Conjure up the house where you grew up and you will instantly recall the friendships you made in grammar school, the scars you got on the playing field, your first passion for poetry or microscopes, the day you felt the first pangs of regret, the moment you realized that you were capable of love.
As Rilke observed, “Perhaps it’s no more than the fire’s reflection on some piece of gleaming furniture that the child remembers so much later like a revelation.” Yet that revelation can shape an entire life.
The poet Louise Bogan associates her childhood home with her love of reading: “Why do I remember this house as the happiest in my life?…It was the house wherein I began to read, wholeheartedly and with pleasure. It was the first house where bookshelves appeared as a part of the building. It is a house to which I return, in a recurrent dream…I rearrange the house from top to bottom: new curtains on the windows, new pictures on the walls. But somehow the old rooms are still there—like shadows seeping through. Indestructible.”
Just how predictive is that first house of the talents we might one day nurture? Ernest Hemingway’s boyhood home in Oak Park, Illinois is a spacious Victorian. Ernest spent much of his time on the second floor which contained a mini-museum where his father, Dr. Clarence Hemingway, kept his wildlife specimens. The family also had a house on Walloon Lake, a place to hunt and fish. Some of Hemingway’s best work dealt with nature, including “The Old Man and the Sea” and “The Snows of Kilimanjaro.” His homes — from Key West to Cuba and Idaho — were always spacious and open to the great outdoors.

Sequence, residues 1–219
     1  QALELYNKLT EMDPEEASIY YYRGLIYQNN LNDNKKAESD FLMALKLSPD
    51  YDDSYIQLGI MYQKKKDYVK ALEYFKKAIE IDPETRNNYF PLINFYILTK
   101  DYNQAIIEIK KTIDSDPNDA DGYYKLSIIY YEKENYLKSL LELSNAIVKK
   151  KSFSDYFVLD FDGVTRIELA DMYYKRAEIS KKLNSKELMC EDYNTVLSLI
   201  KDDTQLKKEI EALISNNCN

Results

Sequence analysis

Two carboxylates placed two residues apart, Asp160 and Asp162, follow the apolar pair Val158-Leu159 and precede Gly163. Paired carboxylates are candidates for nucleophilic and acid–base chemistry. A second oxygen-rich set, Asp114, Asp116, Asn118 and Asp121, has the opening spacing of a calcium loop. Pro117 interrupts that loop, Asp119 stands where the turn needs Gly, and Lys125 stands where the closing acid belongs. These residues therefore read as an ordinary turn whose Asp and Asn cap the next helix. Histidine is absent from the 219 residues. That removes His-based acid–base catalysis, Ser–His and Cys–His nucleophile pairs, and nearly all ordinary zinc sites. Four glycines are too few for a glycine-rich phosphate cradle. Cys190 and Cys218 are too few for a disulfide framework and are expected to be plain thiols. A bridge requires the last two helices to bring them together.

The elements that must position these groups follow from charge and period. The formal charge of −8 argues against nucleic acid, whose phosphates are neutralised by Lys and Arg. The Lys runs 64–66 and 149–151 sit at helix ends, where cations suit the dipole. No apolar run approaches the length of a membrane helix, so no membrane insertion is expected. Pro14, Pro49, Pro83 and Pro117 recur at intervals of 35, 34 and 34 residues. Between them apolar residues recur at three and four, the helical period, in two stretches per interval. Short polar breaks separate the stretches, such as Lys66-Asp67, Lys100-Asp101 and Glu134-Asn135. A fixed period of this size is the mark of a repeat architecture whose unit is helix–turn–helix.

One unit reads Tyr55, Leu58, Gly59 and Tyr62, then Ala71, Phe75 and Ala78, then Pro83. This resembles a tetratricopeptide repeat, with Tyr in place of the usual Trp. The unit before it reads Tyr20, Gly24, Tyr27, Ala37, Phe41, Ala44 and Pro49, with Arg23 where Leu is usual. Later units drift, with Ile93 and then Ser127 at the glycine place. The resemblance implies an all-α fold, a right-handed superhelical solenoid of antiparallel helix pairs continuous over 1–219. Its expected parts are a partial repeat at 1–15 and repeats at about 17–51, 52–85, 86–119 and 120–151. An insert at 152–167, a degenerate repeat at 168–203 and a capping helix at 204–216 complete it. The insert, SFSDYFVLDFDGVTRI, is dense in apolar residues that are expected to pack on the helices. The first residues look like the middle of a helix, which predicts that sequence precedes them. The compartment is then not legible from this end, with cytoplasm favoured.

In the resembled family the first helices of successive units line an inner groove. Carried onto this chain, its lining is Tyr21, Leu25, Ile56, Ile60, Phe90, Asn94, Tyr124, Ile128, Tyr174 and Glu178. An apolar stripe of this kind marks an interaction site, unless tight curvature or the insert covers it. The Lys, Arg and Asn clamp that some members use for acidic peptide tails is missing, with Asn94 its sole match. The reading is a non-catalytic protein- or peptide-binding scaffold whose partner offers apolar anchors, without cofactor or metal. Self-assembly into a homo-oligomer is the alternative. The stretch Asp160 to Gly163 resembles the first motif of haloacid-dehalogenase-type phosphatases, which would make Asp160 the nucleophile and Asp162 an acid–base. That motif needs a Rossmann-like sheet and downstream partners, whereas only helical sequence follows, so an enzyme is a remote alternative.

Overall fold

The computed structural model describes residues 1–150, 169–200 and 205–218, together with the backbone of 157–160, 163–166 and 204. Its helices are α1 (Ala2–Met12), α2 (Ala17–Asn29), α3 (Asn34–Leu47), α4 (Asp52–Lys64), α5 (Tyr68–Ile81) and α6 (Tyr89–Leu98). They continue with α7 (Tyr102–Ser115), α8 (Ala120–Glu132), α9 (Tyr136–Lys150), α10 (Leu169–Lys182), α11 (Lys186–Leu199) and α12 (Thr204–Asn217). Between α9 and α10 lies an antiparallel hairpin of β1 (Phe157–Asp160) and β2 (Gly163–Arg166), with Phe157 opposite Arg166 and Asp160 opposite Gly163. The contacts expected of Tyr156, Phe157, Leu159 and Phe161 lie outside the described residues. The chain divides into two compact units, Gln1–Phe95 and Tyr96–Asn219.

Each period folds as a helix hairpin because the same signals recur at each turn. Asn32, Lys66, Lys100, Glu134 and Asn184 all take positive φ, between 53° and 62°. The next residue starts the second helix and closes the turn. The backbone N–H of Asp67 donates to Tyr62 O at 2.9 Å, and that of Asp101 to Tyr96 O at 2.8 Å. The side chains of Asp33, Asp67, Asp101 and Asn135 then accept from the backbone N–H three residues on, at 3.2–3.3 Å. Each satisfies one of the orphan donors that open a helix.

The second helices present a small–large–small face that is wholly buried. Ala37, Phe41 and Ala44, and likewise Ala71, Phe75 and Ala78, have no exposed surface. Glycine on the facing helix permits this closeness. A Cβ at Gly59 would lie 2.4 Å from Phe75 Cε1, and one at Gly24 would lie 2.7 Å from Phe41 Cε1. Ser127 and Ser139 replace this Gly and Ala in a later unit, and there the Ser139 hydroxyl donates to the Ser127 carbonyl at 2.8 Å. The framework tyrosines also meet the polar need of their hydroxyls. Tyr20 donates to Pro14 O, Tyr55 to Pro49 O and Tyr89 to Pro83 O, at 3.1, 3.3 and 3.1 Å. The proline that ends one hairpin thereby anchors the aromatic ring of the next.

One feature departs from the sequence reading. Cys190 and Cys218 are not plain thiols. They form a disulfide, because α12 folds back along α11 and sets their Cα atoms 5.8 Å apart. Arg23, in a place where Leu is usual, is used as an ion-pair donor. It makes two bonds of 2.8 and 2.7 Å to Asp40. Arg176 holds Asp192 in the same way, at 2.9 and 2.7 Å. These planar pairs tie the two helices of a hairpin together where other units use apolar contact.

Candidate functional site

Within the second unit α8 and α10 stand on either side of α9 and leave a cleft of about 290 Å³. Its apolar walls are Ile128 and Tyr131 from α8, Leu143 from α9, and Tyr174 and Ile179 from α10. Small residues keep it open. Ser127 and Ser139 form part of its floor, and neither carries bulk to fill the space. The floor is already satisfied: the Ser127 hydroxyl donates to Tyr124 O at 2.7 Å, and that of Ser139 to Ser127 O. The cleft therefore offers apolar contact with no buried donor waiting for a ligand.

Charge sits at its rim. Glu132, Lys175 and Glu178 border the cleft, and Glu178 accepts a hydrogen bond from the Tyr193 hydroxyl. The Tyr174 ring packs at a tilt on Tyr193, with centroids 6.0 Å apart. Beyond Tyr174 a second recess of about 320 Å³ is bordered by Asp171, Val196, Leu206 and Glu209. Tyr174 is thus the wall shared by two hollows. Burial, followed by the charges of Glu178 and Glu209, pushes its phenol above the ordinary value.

William Faulkner’s childhood home in Oxford, Mississippi was a cottage set back from the road and shaded by tall trees. As a boy, Faulkner liked to draw and write poetry. He spent so much time lost in his own imagination that he never finished school. After the success of his first novel in the 1930s, he restored a run-down Georgian mansion and even bought a nearby forest, creating a grander version of his family home. He never left Oxford, the place that inspired the fictional Yoknapatawpha County in his best-known books.
Gertrude Stein’s childhood house in the Allegheny West neighborhood of Pittsburgh is square and spatulate, just as she herself appears in a well-known portrait by Picasso. The house itself is so utilitarian it demands an act of the imagination. A set of plates, a decanter, an umbrella and a cushion took on lives of their own and became Stein’s childhood props. As an adult, Stein was a marvelous mix of the practical and the sublime. She dressed in drab brown corduroy and her Paris salon drew such luminaries as Apollinaire, Hemingway, Fitzgerald, Gris, Joyce, and Matisse. The walls of her atelier at 27 rue de Fleuruswere hung floor to ceiling with now-famous paintings, the doors of her dining room lined with Picasso sketches. On a typical Saturday evening Stein sat in a high-backed Renaissance chair next to a cast-iron stove that barely heated the room, while her brother Leo held forth on the latest experiments in modern art.